The Canadian economy has remained relatively stable amidst the continuing global economic uncertainty, bolstered by a robust commodities sector and a stable banking system.
Canadian M&A volume has tracked the moderate levels experienced globally, with 2,523 deals valued at C$216 billion ($207 billion) in 2011 and the first quarter of 2012 (compared with 2,757 deals valued at C$204 billion over the prior-year periods). On the buyout front, there were 274 Canadian transactions in 2011, with a value of C$32 billion (an increase from 146 deals valued at C$29 billion in 2010). This trend has generally continued in the first quarter of 2012, with 56 buyouts, valued at C$1.7 billion (an increase of 14% but a notable decrease of 65% from the same period in 2011).
Looking ahead, we see a number of trends that will continue to shape the Canadian private equity landscape:
Moderate leveraged buyout volume. With sponsors and lenders remaining cautious, given the tepid U.S. recovery and volatility in Europe, moderate Canadian LBO volume is expected to continue. Nevertheless, some general partners will take advantage of existing committed capital (perhaps motivated by pending expiries of capital deployment periods), the stability of Canadian banks and continued availability of financing for incremental portfolio company acquisitions. Sponsors are likely to continue to look for attractive targets in the middle market, which remains the core of LBO deal activity in Canada.
Canadian pension plans to remain active. Driven in part by greater independence in governance models and a desire to diversify asset classes, Canada's public pension plans have proved to be top-tier international dealmakers and have been involved in some of the largest global M&A transactions. These plans are expected to continue active PE investment strategies -- both in Canada and abroad -- having represented over 33% of all Canadian LBO dollar volume in 2011 and in the first quarter of 2012. In addition to direct investments, co-investment deal volume should also remain strong, providing both attractive deal opportunities for pension plans and needed capital to GPs for larger transactions.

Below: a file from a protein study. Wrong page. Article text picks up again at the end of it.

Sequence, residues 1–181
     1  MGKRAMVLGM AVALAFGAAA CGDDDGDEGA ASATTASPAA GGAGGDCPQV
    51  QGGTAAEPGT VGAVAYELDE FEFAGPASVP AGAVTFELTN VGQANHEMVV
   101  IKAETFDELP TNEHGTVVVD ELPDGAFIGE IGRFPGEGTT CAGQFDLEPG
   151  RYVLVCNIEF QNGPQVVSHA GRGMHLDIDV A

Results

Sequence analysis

LBO deal terms. Although increasingly common in the U.S., go-shop provisions have not found favor in Canada, as evidenced in the Blakes Canadian Public M&A Deal Study, Third Annual Edition Winter 2010/2011, which identified one transaction out of 50 with a go-shop. This reluctance can be traced to fewer public-to-private LBOs than the U.S., skepticism about their effectiveness in maximizing shareholder value and the lack of a "Revlon" duty. Separately, two reverse break fee constructs have found use in Canada, a "pure option" reverse break fee that allows a buyer to walk away by paying a negotiated fee to the target and a reverse break fee for financing failure (with corresponding specific performance available where the lenders are willing and able to lend). Lenders and buyers continue to successfully resist a target's ability to enforce lending arrangements. Nervousness about financing risk has led a number of private transactions to follow a sign-and-close model that eliminates risk to buyers and sellers by pushing the signing of a purchase-and-sale agreement and a committed credit facility to a single date.
Potential new income trust exit opportunities. The government's 2008 tax policy shift, which effectively eliminated the tax advantages of Canadian business income trusts by taxing trust earnings similarly to corporations, didn't impact trusts that derive income from non-Canadian sources. This provided exit opportunities for sponsors that are evaluating taking their non-Canadian businesses, particularly those with stable cash flow, public as one of a new generation of cross-border income trusts. Although the first such "second generation" trusts have been energy-focused, there is generally no restriction on the types of businesses that may use this model, provided they are not Canadian.
Importance of foreign investment reviews. The Canadian government agency responsible for most inbound foreign investment -- the Investment Review Division of Industry Canada -- continues to be at the forefront of public policy debate. In light of the IRD's increased scrutiny of transactions, success will be increasingly dependent on developing effective government, media and key stakeholder-relations strategies early in the deal process.
With stability in its economy and financial system, Canada will continue to be an attractive M&A marketplace for GPs to put their capital to work, especially in middle-market buyouts.
Jamie S. Koumanakos and Michael Gans are partners at Blake, Cassels & Graydon LLP, based in Toronto.